Nusli Wadia, chairman of the Wadia Group, which owned Go First, stated that Pratt & Whitney (P&W) engines began malfunctioning not once, but multiple times, beginning with the first delivery in 2017. He also estimated the cost of the manufacturer's suspected faulty engines to Go First at more than Rs 10,000 crore.
In an interview, Wadia stated that P&W's delay and contractual defaults "irreparably financially damaged Go First," putting several thousand employees as well as a national asset that served millions of passengers at danger.
He claimed that Go First was forced to file a case with the National Company Law Tribunal (NCLT) because it had no other options. "Unfortunately, due to several legal interventions, despite Go First being poised for a revival, its revival could not take place," he told reporters.
"The Pratt & Whitney engines began to fail from the start, not just once, but several times, beginning with the first deliveries in 2017." "Despite P&W's efforts to find solutions to the defects, they were unsuccessful," Wadia added.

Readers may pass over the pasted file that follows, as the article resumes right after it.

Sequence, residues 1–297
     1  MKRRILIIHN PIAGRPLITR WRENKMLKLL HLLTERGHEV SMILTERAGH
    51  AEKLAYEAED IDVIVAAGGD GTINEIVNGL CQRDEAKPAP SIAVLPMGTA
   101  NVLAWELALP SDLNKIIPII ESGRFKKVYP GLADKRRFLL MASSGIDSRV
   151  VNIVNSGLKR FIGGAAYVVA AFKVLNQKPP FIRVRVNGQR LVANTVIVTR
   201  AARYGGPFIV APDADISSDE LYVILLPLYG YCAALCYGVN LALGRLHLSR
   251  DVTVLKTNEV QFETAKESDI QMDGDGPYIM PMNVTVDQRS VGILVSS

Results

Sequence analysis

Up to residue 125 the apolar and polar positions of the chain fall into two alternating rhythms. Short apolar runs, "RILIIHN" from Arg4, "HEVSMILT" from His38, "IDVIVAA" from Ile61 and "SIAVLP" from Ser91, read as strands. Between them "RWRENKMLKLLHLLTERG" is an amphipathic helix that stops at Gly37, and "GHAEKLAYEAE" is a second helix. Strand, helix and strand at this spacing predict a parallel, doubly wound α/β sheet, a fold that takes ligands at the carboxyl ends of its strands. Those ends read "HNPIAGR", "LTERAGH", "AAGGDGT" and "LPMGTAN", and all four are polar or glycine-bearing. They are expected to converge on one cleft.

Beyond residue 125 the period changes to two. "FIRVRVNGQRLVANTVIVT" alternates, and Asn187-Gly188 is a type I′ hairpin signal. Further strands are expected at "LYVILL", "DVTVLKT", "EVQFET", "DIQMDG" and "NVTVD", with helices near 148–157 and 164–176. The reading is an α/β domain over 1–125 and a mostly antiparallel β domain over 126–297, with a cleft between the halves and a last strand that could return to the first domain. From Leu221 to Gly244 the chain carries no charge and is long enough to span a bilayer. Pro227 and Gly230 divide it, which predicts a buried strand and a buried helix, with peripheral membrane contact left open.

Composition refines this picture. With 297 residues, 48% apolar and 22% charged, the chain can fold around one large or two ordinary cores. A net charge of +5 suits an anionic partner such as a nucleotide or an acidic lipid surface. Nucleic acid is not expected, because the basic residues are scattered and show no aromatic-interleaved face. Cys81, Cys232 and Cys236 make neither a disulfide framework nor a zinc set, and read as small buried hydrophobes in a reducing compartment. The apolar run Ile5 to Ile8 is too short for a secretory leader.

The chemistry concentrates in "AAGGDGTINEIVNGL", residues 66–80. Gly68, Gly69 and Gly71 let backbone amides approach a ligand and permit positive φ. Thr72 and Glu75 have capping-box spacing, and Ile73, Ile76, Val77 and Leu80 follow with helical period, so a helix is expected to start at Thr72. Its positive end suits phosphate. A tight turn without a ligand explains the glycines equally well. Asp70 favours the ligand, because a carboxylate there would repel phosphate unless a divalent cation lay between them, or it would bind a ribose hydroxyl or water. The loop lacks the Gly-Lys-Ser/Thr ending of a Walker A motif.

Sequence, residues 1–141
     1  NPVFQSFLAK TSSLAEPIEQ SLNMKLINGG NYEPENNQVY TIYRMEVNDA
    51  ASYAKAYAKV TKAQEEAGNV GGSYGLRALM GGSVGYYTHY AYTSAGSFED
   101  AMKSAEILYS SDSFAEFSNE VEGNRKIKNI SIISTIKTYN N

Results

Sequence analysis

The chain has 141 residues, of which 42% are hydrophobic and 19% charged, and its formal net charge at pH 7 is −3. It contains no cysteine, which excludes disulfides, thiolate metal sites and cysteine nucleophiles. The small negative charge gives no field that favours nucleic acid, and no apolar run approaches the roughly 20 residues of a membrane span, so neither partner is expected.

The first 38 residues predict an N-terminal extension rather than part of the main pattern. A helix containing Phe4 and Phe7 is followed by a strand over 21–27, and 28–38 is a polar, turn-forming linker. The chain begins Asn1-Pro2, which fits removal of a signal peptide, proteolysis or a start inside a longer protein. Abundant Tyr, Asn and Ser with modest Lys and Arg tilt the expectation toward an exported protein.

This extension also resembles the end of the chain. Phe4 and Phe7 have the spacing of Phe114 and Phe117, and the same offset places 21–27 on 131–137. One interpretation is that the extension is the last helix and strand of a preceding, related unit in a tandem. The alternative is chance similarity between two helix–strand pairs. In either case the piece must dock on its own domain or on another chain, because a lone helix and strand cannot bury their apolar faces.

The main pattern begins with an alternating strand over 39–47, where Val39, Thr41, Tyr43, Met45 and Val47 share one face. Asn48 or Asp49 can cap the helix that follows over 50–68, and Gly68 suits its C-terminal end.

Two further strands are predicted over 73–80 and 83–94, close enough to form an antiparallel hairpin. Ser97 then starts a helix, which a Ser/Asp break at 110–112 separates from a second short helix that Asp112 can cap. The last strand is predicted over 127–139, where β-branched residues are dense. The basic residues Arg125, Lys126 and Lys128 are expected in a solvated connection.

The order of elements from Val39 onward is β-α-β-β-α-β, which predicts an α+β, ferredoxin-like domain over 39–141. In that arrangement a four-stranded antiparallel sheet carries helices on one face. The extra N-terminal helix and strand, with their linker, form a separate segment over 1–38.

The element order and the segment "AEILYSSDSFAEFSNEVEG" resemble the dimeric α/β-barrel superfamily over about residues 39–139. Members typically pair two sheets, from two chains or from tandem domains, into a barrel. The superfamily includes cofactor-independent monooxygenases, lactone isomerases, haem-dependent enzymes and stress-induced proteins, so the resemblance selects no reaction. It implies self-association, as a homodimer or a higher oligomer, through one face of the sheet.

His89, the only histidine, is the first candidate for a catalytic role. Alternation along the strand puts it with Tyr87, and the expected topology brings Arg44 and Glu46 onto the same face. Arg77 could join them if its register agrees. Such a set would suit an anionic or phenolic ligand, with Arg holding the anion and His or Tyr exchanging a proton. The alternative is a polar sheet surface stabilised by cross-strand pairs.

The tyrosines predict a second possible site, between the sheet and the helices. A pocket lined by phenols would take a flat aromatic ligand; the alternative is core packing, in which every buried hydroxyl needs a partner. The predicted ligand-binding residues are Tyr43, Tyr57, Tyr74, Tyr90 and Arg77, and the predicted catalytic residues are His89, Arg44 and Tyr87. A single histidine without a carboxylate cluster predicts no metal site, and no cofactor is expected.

The chairman of the Wadia Group stated that P&W had persuaded Go First (formerly Go Air) to use their new engines, which they claimed would be reliable and last up to 15,000 hours before requiring maintenance.
"Unfortunately, the engines failed right from the first deliveries," Wadia told the daily, adding that their CEO had been apologetic for the failure of their engines since 2017. He admitted that Pratt first fixed the engines for free and compensated for grounded flights. Wadia stated that following the COVID-19 epidemic, Pratt began demanding payment for the repair of the failed engines, despite the fact that the contract stated that they were obligated to fix the engines for free and replace them within 48 hours.
According to Nusli Wadia, the IPO was initially well received, but the grounding of a significant percentage of the fleet caused investors to withdraw their interest, finally leading to the IPO's cancellation. "In order to sustain the airline operating at 50% with 100% costs, the promoters invested Rs 3,200 crore," Wadia was quoted as saying by the newspaper.
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Wadia further claimed that P&W's contention that Go First's years-long failure to pay maintenance and lease payments resulted in service suspension was untrue. According to Wadia, Go First completed all of its commitments appropriately but refused to accept P&W's cash demands for repairs to its failed engines.
In May, when Go First approached NCLT, almost 65 per cent of its aircraft had been grounded. Lessors wanted their planes back and wrote to the Directorate General of Civil Aviation (DGCA) for deregistration of the planes.